Saturday, January 28, 2017

Evolution of Land of Promise Geography – Part I

One of the very first theories regarding the geographical location of the Book of Mormon came from a lone statement by Frederick Granger Williams who, sometime between 1833 and 1837, wrote down a comment about Lehi’s party landing at 30º south latitude along the western Chilean coast. Williams’ statement, which had no header or title, was written on a sheet of paper that had three other important facts and information written upon it in his own hand, including one revelation that Joseph Smith received.

Williams’ statement was brief and clear: “The course that Lehi traveled from the city of Jerusalem to the place where he and his family took ship, they traveled nearly a south, south east direction until they came to the nineteenth degree of North Latitude, then nearly east to the Sea of Arabia then sailed in a south east direction and landed on the continent of South America in Chili thirty degrees south Latitude” (Frederick G. Williams III, Did Lehi Land in Chile? LDS Archives, MSD 3408 fd 4 v, S. L. C., Utah, p1; Chile is spelled with an ”i” in the original statement).
    This statement, written as much as 180 years ago, contains specific detail that should be of interest to every member, since at the time, what would have been known of the world’s oceans, landing sites in the southern Hemisphere of the Americas, would have been relatively unknown to someone living in the north-eastern United States. There can be no question that this detail gives the statement a certain air of believability. The beginning directions of “south-southeast” (1 Nephi 16:13) and “nearly eastward” (1 Nephi 17:1) are given in the scriptural record, but the others: “nineteen degree of North Latitude,” sailing in a “southeast” direction, and landing “thirty degrees south Latitude” are those Williams’ wrote without any suggestion from the scriptural record, or any other belief in Land of Promise location at the time.
    First of all, there is no reason to choose the Continuing “19 degrees north latitude,” as the turning point in Lehi’s travel to Bountiful. There is nothing out of the ordinary along that point of the Red Sea that could possibly have been known to Williams, Joseph Smith or Sidney Rigdon (First Presidency) that woulde have given rise to picking it. Yet Williams emphatically stated the nineteen degree of North Latitude. 
     Even in 1833, when the First Presidency was formally organized, the Quorum of the First Presidency was responsible for directing the kingdom of God on the earth )D&C 90:12-16). It was the Lord who emphasized the significance of the First Presidency when He declared, “Whosoever receiveth me, receiveth those, the First Presidency, whom I have sent, whom I have made counselors for my name’s sake unto you” (D&C 112:20).

Now we cannot say with certainty that Williams’ writing was the result of a discussion in the First Presidency, a statement that Joseph Smith made, or any interaction among the three men; however, the fact that it was written on the sheet of paper it was, which contained other semi-official writings, should suggest it was of some import to Williams’ when he wrote it down. Also, when considering that Williams’ also served at the time as Joseph Smith’s personal secretary or scribe, it might carry even more weight.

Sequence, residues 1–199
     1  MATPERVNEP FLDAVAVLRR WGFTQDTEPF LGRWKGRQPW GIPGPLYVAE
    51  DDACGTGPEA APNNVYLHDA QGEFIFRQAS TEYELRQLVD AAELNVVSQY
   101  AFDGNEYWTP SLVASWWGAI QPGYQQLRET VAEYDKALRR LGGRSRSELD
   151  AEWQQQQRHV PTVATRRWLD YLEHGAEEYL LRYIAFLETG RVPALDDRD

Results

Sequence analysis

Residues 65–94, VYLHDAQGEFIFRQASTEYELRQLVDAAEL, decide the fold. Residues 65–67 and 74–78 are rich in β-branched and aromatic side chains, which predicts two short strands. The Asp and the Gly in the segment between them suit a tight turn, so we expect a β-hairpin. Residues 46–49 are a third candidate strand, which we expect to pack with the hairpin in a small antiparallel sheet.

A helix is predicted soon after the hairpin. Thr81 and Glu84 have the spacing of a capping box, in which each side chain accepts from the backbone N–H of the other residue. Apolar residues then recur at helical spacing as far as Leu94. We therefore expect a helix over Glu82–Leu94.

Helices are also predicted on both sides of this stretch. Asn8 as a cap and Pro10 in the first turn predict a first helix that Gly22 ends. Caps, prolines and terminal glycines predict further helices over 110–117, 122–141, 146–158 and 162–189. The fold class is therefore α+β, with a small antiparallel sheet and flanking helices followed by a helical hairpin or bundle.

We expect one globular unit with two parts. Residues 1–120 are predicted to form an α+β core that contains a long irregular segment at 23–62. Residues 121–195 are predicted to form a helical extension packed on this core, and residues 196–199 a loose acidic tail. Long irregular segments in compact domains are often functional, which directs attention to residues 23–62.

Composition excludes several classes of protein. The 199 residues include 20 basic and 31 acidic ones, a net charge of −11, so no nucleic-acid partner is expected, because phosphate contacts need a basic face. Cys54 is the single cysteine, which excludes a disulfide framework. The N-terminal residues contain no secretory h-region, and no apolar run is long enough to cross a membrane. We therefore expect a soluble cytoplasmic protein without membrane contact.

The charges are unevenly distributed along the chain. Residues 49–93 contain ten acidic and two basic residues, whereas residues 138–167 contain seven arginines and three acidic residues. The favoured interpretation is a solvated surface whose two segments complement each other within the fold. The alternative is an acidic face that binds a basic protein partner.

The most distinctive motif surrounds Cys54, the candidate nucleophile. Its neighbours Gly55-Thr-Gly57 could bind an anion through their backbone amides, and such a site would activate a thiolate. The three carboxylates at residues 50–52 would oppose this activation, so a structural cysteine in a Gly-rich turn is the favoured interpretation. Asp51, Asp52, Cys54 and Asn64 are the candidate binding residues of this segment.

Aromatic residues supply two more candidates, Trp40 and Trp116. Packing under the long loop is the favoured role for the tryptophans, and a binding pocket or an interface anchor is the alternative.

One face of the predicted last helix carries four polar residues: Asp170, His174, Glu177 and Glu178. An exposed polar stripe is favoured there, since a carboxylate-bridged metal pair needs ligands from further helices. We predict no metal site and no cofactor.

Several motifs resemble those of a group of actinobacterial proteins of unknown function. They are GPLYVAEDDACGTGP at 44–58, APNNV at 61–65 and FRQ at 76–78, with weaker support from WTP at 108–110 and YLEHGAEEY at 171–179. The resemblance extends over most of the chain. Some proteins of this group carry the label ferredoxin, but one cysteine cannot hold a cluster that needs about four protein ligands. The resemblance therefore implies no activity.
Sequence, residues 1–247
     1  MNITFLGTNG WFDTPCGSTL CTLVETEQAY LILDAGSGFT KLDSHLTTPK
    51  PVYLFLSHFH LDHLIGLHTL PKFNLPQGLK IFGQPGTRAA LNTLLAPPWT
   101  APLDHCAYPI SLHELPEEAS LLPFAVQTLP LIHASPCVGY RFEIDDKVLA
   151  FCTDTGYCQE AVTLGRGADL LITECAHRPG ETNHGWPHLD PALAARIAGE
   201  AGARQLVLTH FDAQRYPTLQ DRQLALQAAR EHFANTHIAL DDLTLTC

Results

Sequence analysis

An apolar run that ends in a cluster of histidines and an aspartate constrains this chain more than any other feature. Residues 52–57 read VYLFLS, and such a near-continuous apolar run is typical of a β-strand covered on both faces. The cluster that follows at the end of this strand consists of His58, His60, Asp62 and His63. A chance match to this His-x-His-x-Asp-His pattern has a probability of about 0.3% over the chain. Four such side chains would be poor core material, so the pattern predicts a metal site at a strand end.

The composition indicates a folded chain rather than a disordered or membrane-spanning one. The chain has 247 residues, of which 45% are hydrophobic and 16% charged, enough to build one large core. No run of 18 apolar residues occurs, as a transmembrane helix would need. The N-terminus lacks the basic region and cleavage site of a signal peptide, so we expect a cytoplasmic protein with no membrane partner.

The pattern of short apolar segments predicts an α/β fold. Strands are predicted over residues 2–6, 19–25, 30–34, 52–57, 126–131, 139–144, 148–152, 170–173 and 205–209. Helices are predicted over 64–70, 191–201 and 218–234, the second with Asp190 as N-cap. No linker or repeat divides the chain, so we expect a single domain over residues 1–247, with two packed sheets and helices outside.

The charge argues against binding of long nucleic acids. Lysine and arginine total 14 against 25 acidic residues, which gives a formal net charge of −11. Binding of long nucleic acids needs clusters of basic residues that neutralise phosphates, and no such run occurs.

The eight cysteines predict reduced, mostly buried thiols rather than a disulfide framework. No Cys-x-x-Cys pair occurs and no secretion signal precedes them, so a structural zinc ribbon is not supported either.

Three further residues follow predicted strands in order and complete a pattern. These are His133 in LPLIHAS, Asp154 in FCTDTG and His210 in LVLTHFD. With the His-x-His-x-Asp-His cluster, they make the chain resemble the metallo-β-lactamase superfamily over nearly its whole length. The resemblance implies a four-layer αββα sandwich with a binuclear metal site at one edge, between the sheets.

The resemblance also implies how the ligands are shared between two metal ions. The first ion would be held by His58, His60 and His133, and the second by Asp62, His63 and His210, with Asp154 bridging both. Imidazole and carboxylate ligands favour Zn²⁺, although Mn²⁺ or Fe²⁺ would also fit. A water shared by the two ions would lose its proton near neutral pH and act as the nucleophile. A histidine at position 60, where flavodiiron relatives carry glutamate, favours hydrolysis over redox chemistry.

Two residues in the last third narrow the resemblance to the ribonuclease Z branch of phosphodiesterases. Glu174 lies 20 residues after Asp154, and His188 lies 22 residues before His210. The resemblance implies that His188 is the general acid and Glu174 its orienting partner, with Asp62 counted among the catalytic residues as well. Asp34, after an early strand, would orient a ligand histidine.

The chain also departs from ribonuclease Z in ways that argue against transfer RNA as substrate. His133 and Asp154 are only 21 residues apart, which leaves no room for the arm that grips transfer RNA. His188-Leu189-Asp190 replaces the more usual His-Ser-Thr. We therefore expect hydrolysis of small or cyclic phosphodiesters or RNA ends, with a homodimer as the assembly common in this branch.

But the main point is, why was it written down at all? 
    What would have prompted Williams to write about where Lehi landed? And in such detail as to indicate a specific latitudinal point? While most Land of Promise theorists, whose views disagree with that statement, try to pass the writing off as doodling, it is far too specific in its content to have been mere foolish and meaningless scribbling on a sheet of paper that had such other matters of import on it.
    There is no suggestion being made here that this statement was some official declaration of the First Presidency, but it certainly seems to have been something being discussed by them at one point in time. Why it was under discussion we may never know, but something more than mere scribbling lay behind Williams writing that very clear and specific statement down, with at least the first half of it absolutely correct.
    Many theorists with a different location in mind, have tried to pass off William’s writing as meaningless. However, it might be understood with paper less available in 1830s than it is today, and people having less idle time on their hands than now, it seems unlikely that Williams, Joseph’s scribe and Second Counselor in the First Presidency, was idly scribbling on a sheet of paper that had previous writing on it of some official significance. It seems far more likely that what he wrote was a matter of some import to those men at the time.
    It should also be remembered that in the 1830s, South America was not well known to hardly any Americans, especially men living in the areas where the Church was located. This was not a sailor’s seaport, or a locartion where mariners congregated, not had Sidney Rigdon nor Joseph Smith ever been to sea, or would have known much about it, let alone in such detail as to know where one of the very few bays and landing sites existed along the western South American coast, as exists at 30º South Latitude.

While it is true that about 25 years earlier, Frederick G. Williams was hired at the age of 25, because of his knowledge of the waters of Lake Erie, as a pilot for Oliver Hazard Perry’s flagship in the Battle of Lake Erie during the War of 1812. It is also true that before that, he served as a pilot for a ship that regularly crossed the Lake from Montreal to Detroit; however, there is no record he ever went to sea, since his involvement was strictly on the lake adjacent to where he lived. As a result of this service and his service during the Tecumseh War, Williams settled in Warrensville, Ohio, which is now Cleveland, Ohio. This land had been purchased and presented to officers of General George Washington for their services during the Revolutionary War instead of pay in money. At that time congress was not in position to vote, pay money or collect it. This was called the great Western Reserve of the Ohio Valley—an area of 3.3 million acres in what is now northeast Ohio that was reserved for Connecticut by an act of Congress in 1795, part of which was given to the state’s citizens as compensation for damages suffered in the Revolutionary War, and part of it was sold to the Connecticut Land Company in which Frederick Williams’ father and uncle were investors.